My experience with FBII is also biased because I had the chance to fully shop - top and bottom and friend's example and get it to playing as much like new as I can imagine one playing. I had the Little Demon striking forcefully enough to lock balls in the top saucer that is. In that condition, i.e. fully shopped/maintained, Fireball II can be a fast beast. It can play long if you get ahold of it so I can see why some might want to remove the one way gates or pull the outlane post rubbers - both somewhat reasonable but I think unnecessary modifications unless it's being used for tourney play with people that really know what they are doing. Then I'd remove the outlane rubbers most likely.

What I noticed about this game is that you can rarely get the ball cradled because of the lack of real return lanes and so it forces you to change up your playing style. That's a good thing. Find one, play it! Hopefully it will be in good shape as you'll want it that way for fast play.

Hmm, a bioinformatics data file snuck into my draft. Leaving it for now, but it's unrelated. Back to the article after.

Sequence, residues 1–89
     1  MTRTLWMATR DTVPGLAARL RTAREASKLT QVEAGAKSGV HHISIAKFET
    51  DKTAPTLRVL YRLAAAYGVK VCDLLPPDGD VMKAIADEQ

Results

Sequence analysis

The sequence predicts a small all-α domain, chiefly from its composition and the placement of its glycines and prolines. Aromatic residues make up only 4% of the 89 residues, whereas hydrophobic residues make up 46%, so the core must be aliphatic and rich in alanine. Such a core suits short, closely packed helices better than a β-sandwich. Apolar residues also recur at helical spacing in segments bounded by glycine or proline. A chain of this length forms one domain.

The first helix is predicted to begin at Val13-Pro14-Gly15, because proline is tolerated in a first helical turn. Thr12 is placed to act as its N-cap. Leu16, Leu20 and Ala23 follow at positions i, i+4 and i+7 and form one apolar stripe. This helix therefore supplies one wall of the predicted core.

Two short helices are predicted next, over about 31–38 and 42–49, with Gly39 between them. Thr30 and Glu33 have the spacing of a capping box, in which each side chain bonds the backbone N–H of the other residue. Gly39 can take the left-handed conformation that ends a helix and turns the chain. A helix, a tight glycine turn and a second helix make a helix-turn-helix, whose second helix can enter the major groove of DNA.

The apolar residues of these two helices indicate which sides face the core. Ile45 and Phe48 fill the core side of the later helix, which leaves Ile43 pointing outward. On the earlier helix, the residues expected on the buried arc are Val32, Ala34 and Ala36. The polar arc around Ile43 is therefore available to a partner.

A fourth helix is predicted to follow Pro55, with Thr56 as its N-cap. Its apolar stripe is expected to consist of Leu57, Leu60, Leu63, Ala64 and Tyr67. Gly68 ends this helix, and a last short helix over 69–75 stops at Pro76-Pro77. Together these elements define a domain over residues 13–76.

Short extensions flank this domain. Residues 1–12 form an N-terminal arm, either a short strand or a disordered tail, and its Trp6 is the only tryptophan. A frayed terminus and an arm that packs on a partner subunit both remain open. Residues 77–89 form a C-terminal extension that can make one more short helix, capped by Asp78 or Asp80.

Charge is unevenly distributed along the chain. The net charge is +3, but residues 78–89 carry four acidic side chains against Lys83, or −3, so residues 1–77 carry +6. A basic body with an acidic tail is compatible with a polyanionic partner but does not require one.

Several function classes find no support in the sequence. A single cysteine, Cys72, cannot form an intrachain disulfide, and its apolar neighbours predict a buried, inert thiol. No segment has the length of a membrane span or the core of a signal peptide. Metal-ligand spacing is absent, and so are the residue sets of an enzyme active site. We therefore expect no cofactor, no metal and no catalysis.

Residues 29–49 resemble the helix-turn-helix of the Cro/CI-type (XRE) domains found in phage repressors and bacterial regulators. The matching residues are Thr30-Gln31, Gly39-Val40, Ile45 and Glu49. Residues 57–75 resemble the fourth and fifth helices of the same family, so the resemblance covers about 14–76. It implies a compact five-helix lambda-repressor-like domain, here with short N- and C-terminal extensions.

4 years ago
End to end, my game was over in under a minute-- out of the chute, and SDTM on 2 of the 3 balls.

Just not a fun playing experience.
5 years ago
Let's get this out of the way: Fireball was a breakthrough game in 1972, and the sequel would have to be brilliant in its year to match up. FB2 is not a breakthrough deck. It is a good overall package.

Asymmetry: Good
Backhands: good. I can make the right saucer with a backhand on a live action shot.
Ball Control/Hazards: Good balance, lower playfield feels "just right"
Ball Time: short but the deck I was on was on the easier side
Flow/Stop n Go: Very good flow -- surprisingly so
Fun/Lastability: Too early to tell, felt good to me
Inlane Flow: Ok, there are posts that slow the ball down, then it has a tiny short inlane, like in Fathom/Embryon
Multiball Lock: Clearly marked, and both are challenging shots, the right side is a little tougher.
Multiball Play: Very good, there are objectives, and space, and you can re-lock balls during MB.
Nudging: Amazing. You nudge every outland ball drop. Required, lots of lateral motion, lots of dead ball passing
Originality: While it's a continuation of a theme, it's nice being very devil-like
Orbit/Spinner Speed: No orbits, no spinners
Pops: On the friendly side. They help score standups and A-B lanes
Scoring Balance: No jackpots, and too early to tell. Likely it's fine
Sound/Callouts: Fun callouts, with Zap, Pow, etc, when you use the moveable post between the flippers.